operation might almost be reduced to this simple fact. The success 
of this, the largest combined operation in history, depended more 
on the R.A.F. and the Royal Navy than it did on the Army. 
The initial landings on D-Day had been a triumph of naval planning 
and seamanship, while the air effort provided by the British and 
U.S Air Forces was on an unprecedented scale. 

All this I had watched with growing impatience. Then, on 
ist August, I received a telephone call from the War Office to say 
that Monty was sending his aircraft back for me the next day and I 
was to fly out to France to take over 30 Corps in the British Libera- 
tion Army, 

This was splendid news, particularly as it meant I was to get 
command of 30 Corps, that veteran formation of the desert.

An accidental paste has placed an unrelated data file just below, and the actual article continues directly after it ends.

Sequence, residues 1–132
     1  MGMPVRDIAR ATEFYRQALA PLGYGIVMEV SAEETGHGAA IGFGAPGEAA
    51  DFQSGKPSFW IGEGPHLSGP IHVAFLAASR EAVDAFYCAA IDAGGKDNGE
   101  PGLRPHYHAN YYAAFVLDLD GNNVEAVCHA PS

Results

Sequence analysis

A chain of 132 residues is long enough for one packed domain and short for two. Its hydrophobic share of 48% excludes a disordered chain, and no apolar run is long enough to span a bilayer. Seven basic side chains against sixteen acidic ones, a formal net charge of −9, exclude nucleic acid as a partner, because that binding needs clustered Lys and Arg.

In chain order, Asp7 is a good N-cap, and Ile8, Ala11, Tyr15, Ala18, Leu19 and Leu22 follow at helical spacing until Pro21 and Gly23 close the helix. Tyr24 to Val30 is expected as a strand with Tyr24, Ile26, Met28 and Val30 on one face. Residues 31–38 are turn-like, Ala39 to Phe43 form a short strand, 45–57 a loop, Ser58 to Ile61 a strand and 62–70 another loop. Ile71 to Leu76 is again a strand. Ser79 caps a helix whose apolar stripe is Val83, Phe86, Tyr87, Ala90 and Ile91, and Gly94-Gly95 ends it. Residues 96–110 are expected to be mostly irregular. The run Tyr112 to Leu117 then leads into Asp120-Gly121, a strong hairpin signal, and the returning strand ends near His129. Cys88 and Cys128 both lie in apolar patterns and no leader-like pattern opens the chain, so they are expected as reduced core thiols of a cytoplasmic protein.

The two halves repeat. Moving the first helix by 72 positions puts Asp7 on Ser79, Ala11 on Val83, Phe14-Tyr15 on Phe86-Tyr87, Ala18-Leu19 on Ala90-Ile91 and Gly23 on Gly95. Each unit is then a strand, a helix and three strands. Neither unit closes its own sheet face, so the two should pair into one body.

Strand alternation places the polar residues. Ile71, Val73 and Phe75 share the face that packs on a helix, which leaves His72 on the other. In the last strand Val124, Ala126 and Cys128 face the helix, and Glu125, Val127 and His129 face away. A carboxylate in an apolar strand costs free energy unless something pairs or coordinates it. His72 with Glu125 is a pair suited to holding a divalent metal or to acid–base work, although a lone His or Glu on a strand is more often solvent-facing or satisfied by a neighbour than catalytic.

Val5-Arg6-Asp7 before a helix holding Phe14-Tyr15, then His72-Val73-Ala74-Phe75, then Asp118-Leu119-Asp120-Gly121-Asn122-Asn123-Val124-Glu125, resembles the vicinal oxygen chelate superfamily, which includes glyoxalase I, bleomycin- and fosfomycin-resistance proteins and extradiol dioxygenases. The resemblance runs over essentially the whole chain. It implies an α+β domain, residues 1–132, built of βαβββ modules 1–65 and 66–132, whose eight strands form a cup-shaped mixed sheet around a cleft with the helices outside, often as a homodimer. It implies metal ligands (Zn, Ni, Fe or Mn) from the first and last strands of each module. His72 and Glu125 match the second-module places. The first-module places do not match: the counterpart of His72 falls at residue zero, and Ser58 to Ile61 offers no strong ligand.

Monty hadn't wasted any time. Before the arrival of this 
message we had arranged to leave the Farnborough Park Hotel, 

180 



where we had been staying so that I could be near the Cambridge 
hospital, and move to a small, very attractive cottage which 
belonged to my wife at Compton in the southern outskirts of 
Winchester. Now, instead of all three going together, I saw my 
wife and daughter drive off before going up to Northolt to await 
the arrival of Monty's aircraft. When the pilot showed me the 
course he proposed to take to Normandy I realised that we passed 
over Winchester, and he agreed to circle over our cottage at tree- 
top height so that I could wave good-bye. Almost my last sight of 
England was my wife and daughter in the garden of Yew Tree 
Cottage. My daughter was jumping up and down beside a white 
table-cloth which they had stretched out on the lawn. We then 
straightened out and were soon over the Channel on our way to the 
Normandy beach-head. 

I don't know what I had expected to find across the Channel, 
but my first sight of the Normandy beaches was very stirring. 
Offshore there was intense maritime activity, ships at anchor, ships